Saturday, August 3, 2019

How Twitchell Lake Was Named, And A Poem

Hiram Burkes Log Shanty on Twitchell LakeThe Twitchell Lake History Committee is working on documenting the story of Twitchell Lake in Big Moose, NY, and how it was named, with an account of the individual camps, hotels, and highlights down through the years. Twitchell Lake is 5 to 6 miles south of the old Champlain Road, now under the Stillwater Reservoir.

For over 12 years the Conables have hosted a social event at their camp on Twitchell Lake with a poetry competition, the winner receiving honors as “Poet Laureate of Twitchell Lake.”

This year’s original composition was to be a “villanelle,” a 19-line poem with a pattern of repeating lines with a distinct rhyming pattern. I received honorable mention for “Twitchell’s Lake,” which came out of my research on the discovery and naming of the lake for the History Committee.

In the old Lewis County news articles about fishing and hunting trips on the Champlain Road  from 1860-1890, “sports” referred to fishermen and hunters, “sheet” was a common term for a lake, and “speckled beauties” a favorite phrase used to describe brook trout.

Lanpher House was Lowville’s “Headquarters for the North Woods.” Fenton House was the early sportsman stop in Watson Township’s Number Four, and the Wardwell family the proprietors of a log shanty where sports could rent a boat and put up their horse and carriage where the Beaver River became the “Still-water,” 11 miles past No. 4.  This was also near to where Twitchell Creek entered the Beaver River.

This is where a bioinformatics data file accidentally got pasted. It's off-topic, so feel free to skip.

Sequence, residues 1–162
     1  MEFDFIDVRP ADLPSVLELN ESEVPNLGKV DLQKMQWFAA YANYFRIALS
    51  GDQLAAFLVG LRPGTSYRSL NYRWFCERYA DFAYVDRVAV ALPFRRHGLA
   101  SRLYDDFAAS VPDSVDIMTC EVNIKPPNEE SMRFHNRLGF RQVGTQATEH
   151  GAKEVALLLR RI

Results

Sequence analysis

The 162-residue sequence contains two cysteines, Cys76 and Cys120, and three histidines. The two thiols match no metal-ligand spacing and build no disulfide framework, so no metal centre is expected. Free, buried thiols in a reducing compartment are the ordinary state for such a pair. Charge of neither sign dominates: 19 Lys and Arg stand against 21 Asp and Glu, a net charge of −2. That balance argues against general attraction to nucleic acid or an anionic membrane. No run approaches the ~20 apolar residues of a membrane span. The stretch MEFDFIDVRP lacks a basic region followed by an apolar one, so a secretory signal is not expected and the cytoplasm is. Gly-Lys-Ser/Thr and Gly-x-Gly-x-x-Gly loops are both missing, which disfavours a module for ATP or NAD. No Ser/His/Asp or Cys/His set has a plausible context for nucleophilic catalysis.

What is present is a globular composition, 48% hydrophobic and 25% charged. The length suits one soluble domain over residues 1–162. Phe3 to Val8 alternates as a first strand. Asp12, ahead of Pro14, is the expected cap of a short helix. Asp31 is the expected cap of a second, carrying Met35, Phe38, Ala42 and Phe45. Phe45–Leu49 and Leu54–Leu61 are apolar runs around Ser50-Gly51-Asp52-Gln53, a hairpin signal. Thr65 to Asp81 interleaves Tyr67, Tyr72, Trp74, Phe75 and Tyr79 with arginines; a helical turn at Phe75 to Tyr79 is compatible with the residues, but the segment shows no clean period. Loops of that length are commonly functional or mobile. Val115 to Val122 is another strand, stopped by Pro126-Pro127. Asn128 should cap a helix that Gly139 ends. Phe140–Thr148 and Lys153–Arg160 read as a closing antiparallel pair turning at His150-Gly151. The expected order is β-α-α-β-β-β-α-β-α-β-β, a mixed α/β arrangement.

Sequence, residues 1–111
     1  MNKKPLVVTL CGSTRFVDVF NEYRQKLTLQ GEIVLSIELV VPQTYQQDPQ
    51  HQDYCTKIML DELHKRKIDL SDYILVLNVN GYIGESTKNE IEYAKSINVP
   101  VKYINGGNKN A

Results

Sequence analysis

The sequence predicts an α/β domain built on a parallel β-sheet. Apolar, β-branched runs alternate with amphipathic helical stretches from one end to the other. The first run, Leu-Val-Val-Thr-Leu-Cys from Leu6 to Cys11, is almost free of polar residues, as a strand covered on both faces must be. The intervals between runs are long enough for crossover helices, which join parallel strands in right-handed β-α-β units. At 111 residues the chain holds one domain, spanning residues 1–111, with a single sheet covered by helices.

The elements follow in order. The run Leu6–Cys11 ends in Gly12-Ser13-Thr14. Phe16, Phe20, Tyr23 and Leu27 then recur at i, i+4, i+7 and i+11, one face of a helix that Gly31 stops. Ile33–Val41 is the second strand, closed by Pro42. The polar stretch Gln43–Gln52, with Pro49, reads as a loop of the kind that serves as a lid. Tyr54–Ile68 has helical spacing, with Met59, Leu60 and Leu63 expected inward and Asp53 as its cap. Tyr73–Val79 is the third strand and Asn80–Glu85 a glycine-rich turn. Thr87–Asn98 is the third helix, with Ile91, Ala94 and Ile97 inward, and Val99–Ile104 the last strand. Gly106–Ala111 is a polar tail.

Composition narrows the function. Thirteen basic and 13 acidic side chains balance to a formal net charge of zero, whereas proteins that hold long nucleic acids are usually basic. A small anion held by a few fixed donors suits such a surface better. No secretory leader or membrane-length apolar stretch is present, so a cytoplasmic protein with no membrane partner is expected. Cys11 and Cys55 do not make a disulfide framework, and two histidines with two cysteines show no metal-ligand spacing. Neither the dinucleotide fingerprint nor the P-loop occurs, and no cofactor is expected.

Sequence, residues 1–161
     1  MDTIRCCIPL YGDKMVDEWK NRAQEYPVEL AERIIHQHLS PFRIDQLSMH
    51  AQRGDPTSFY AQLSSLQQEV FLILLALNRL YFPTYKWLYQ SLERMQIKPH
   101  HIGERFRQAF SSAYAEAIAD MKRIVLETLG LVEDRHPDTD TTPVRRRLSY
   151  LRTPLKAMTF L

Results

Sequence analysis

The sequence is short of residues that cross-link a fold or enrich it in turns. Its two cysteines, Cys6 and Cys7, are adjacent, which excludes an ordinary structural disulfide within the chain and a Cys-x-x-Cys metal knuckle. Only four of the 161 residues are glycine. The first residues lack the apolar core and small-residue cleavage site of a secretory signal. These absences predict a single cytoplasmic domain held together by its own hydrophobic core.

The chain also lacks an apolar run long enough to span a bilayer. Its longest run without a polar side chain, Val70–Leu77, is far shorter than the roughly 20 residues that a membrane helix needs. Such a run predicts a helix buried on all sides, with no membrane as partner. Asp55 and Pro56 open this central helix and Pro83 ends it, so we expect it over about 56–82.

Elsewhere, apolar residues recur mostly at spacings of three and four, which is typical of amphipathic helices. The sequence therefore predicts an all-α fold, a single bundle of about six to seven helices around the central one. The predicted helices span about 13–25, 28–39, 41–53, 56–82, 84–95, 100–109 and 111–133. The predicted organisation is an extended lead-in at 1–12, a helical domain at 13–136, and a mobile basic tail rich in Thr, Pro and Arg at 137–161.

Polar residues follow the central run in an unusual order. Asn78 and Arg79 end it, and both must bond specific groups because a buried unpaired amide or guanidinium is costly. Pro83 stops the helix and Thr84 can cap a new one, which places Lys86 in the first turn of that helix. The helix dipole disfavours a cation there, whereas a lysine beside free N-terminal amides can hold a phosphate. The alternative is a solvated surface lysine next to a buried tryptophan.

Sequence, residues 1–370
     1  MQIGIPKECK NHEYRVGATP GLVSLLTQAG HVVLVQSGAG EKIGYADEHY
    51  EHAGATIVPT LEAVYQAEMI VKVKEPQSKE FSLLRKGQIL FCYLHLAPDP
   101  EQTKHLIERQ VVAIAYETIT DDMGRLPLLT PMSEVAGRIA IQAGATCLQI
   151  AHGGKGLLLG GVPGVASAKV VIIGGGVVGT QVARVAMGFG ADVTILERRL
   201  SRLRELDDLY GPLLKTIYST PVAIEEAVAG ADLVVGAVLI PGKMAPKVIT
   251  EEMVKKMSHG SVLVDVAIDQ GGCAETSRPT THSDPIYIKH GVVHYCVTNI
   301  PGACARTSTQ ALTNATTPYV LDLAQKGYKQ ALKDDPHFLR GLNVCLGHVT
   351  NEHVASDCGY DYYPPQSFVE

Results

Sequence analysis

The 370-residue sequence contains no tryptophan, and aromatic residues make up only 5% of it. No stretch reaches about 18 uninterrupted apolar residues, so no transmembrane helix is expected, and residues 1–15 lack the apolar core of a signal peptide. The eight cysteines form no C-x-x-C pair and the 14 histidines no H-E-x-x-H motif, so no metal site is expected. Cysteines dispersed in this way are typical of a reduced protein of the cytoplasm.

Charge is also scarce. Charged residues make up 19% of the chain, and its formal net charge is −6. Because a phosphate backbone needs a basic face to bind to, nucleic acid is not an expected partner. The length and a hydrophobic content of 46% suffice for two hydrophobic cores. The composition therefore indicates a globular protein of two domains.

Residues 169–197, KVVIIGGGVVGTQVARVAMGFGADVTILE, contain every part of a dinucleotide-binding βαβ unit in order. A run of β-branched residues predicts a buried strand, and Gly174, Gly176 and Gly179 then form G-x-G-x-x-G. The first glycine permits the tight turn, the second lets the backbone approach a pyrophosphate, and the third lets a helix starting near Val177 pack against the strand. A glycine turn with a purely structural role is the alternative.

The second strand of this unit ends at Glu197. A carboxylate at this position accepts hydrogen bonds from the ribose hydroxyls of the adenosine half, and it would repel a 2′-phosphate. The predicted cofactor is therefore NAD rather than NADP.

Charles Twitchell (1845-1922) of Copenhagen, Lewis County, is believed to be the namesake of the lake, cutting a clearing where the trail from the Champlain Road came into the north shore of “Twitchell’s Lake,” and where guide Hiram Burke is said to have built the first log cabin on this Lake (see Edwin Wallace’s Adirondack Guide, 13th Edition).

Since the first public reference to “Twitchell creek or lake” has been found in Nelson Beach’s Journal for surveying and building the Champlain Road (1841), the Copenhagen “Twitchell” would have been his father Erastus E. Twitchell (1811-1895) or an older uncle such as Urial A. Junior (1822-1902) or Jerome B. (1803-1888). It is likely that one or all of them supplemented their Copenhagen farm income with Adirondack venison and trout, but we are still trying to learn how a dairy farming family in Copenhagen memorialized its name on a lake some 45 miles away in the Adirondack Mountains.

My inspiration for this poem was a news article in the Lowville Journal & Republican (September 30, 1874) titled “North Woods Wonder,” in which the writer holds Verplanck Colvin’s early maps of the Adirondacks on his lap and describes the lakes in the panorama spread out before him:

“All the wilderness is strewn with lakes as if some great mirror had been shattered by an Almighty hand, and scattered through the forests for Nature.” The writer then goes on to name many of the lakes in the Brown’s Tract. A beautiful picture!

Anyone with information about Twitchell family history which pertains to naming the lake, is invited to email Noel Sherry at

“Twitchell’s Lake”

Like broken-mirror gems these myriad Adirondack lakes,